One of the devices Torquemada missed when he was in a torturing mood was the tumpline, the leather headband developed by the American Indian for toting everything movable from papoose boards to canoes. A northern Indian will not move without his tump. I once saw a band of Algonquins board a train in northern Quebec and every man hauled his luggage by tump, even those who had suitcases with good handles.
Agonizing though the tump is at times, it still remains the common denominator of bush travel.
For heavy packing the most usual method is the plain tump secured to a duffel bag forming the base of the load at the small of the back, with as many more sacks piled on top as you can stand. No shoulder straps. The whole load pulls back on the head and neck, making it impossible to turn your noggin even if Dagmar were taking a sun bath alongside the trail.
The one good thing about it is that you can shed the load in a flash by slipping the headstrap when stumbling over rough ground. Incidentally, when the load falls away, you feel like an ascending balloon.
August 22, 1954
Next up the notch is the pack harness, a skeleton arrangement of shoulder straps with tump added. It's a good rig for carrying two duffel bags strapped together, or for making up your own bundle encased in a pack cloth. It takes some doing, however, and considerable time to shape the bundle properly and if it doesn't "ride" right there's nothing worse.
In making up the bundle you first lay a pack cloth on the ground (six by seven feet is a good size), then place on it all the stuff you're going to carry and fold it so that it wraps into a snug, tight bundle. After the harness is fastened around it and tightened you take the whole thing aboard. The advantage of this kind of pack is its flexibility. It can be made into any size or shape and is shrinkable as you eat into your provisions. Against it is the time required to make it up, the danger of the weight being off center unless it's wrapped just so.
I am strong for the combination of shoulder straps and tump for bush travel and have little use for the various all-shoulder-strap affairs such as the knapsack and rucksack. These small packs are fine for short excursions, for the hiker who sleeps in at night and can replenish his provisions along the way. But they are not for the camper who must lug everything from start to finish.
When the going is hard he can slip out of the shoulder straps and use the tump. When the going is easy he can get relief by discarding the tump and using his straps.
The pack harness, although it has the combined arrangement, is not the answer mainly because of the headache involved in making it up. The Duluth type of packsack is the solution in my opinion, the nearest thing to perfection yet devised for bush packing. A big, tough sack with straight (as opposed to cross) shoulder straps and tump, it has a flap which comes halfway down the back, on which are three long adjustable straps so that the sack can be fitted for large or small loads. The shoulder straps are reinforced with riveted leather patches so firmly fastened that the sack could probably take a load of pig iron without ripping.
The big size will hold all the duffel and grub needed by one man for a week's sleeping-out cruise. It is low riding and surprisingly comfortable. Turned inside out and stuffed with leaves, it makes a good sleeping pillow. It stows well in a canoe.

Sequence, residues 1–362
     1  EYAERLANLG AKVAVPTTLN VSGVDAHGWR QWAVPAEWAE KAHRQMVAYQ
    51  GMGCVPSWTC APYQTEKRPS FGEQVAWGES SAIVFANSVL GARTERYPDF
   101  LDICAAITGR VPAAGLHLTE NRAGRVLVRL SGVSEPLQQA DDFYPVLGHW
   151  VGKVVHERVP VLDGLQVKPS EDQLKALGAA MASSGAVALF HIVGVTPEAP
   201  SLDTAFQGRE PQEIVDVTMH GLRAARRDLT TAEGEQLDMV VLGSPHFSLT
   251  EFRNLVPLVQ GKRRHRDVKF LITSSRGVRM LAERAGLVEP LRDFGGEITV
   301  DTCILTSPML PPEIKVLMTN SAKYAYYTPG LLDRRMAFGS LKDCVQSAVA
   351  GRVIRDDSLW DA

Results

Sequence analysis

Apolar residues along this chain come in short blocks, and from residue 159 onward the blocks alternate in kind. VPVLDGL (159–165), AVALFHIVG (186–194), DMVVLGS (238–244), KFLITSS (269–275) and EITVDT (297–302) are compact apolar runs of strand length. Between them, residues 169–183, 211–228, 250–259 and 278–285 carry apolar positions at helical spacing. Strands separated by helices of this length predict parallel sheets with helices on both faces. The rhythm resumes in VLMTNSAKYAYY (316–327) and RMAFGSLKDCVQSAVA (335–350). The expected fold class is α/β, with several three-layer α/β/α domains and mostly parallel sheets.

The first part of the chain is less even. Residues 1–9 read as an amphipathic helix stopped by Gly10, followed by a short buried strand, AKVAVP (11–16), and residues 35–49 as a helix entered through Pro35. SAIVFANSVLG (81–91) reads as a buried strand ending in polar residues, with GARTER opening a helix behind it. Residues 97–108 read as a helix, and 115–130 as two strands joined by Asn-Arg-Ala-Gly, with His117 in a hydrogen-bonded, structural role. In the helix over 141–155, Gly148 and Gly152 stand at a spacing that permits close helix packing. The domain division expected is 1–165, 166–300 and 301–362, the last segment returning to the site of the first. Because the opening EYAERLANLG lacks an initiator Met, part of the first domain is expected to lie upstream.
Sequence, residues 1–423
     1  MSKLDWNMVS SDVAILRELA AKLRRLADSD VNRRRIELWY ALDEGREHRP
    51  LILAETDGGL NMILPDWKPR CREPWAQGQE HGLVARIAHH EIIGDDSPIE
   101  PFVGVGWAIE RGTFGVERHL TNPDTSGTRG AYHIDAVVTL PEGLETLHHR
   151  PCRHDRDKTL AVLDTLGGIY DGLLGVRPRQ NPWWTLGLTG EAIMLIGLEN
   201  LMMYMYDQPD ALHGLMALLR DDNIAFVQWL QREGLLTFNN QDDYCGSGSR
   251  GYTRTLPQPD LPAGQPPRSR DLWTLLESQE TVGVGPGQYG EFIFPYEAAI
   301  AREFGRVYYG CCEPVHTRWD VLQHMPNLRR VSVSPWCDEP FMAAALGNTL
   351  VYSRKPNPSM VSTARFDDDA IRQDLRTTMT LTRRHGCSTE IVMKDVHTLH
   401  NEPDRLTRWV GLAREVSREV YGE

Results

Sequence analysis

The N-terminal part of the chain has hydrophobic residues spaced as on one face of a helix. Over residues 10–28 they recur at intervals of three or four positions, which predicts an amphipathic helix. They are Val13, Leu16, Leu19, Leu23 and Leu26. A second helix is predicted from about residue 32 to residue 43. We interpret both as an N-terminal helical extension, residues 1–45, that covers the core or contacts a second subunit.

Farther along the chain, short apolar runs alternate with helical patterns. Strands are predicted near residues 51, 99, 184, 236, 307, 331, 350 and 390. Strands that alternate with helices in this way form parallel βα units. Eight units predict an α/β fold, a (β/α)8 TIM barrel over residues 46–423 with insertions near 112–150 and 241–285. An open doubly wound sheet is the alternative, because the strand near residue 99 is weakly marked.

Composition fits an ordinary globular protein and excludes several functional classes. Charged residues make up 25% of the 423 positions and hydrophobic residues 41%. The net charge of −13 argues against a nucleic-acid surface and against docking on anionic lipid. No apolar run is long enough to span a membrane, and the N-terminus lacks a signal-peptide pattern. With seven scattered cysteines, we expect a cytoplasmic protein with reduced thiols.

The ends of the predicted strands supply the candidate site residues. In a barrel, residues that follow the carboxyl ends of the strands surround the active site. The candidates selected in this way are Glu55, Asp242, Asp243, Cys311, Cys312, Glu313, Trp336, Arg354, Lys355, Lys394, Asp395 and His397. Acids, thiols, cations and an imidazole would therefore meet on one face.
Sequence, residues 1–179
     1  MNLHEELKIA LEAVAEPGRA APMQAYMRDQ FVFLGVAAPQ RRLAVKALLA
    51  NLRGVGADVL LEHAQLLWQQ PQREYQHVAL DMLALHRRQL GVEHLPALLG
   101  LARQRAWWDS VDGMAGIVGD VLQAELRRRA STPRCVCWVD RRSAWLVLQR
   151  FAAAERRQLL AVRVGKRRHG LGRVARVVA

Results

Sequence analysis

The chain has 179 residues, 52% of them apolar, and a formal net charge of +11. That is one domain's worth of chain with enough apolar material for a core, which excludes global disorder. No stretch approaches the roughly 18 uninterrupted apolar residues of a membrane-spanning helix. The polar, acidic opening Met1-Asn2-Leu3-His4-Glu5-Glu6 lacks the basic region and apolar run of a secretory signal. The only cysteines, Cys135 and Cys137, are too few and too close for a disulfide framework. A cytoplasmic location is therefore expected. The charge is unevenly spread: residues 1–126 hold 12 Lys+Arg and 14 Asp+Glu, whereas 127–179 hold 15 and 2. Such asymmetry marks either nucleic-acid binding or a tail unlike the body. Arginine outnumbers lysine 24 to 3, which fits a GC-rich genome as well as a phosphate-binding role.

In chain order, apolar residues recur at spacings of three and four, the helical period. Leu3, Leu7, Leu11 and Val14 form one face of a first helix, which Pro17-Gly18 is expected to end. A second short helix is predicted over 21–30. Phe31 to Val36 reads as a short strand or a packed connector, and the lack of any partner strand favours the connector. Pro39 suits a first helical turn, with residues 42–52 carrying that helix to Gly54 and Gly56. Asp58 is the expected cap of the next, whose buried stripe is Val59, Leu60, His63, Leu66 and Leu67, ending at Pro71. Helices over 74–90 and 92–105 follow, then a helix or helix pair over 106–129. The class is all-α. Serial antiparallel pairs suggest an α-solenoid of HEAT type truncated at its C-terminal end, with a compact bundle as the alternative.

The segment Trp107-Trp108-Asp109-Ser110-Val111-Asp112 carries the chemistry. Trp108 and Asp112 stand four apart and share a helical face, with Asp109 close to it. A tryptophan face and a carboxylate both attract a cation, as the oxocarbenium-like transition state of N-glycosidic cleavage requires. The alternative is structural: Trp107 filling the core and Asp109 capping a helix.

That is one trouble with the pack basket, a wicker affair covered with canvas which is a favorite in some sections of the Northeast: it doesn't stow well in a canoe, being rigid, nor does its size diminish as you eat your way to the bottom of it. But it is a fine pack for bottles and sharp-edged cans since they cannot dig into your back as they sometimes do through a packsack. For the bush, however, it's too bulky and stiff and takes up too much room.
Another rigid device is the pack frame, popular in the Northwest. A canvas-covered wooden frame with thongs for tying on a load of any size or shape, it's a good rig for portaging heavy stuff. Like the pack basket, it is not pliable and a bit elaborate for a confirmed sack man, as I am.
The old north woods axiom "Go light, but right" still holds and the best way to follow that advice is to spurn the fancier rigs and make use of the old stand-bys—the canvas duffel bag, the smaller sacks for perishables, and the Duluth for the base pack, the foundation of the load. The perfect trip is one in which not an extra ounce is carried and ends in sight of civilization with the larder absolutely empty.
It takes close figuring to strike the balance between overloading and underdoing it. This became an annual game with a friend of mine to see how close we could come to the line on a 10-day canoe trip.
We used to figure on 30% of our provisions coming off the land—grouse and ducks in the fall and all the fish you could eat. At last, after getting closer each year, we finally came out just right. On the banks of the Coulonge River in Quebec on the edge of the first town we'd seen in several days, we finished the last scrap of food.
"Some day," my friend said, "they'll invent sacks of edible material and we can munch them the last couple of days and come back with nothing at all."
"Even edible tumplines?" I asked.
"No, not tumplines," he said, thinking of what they'd done to him on the portages. "If they could be eaten, I'd devour 'em the first day out."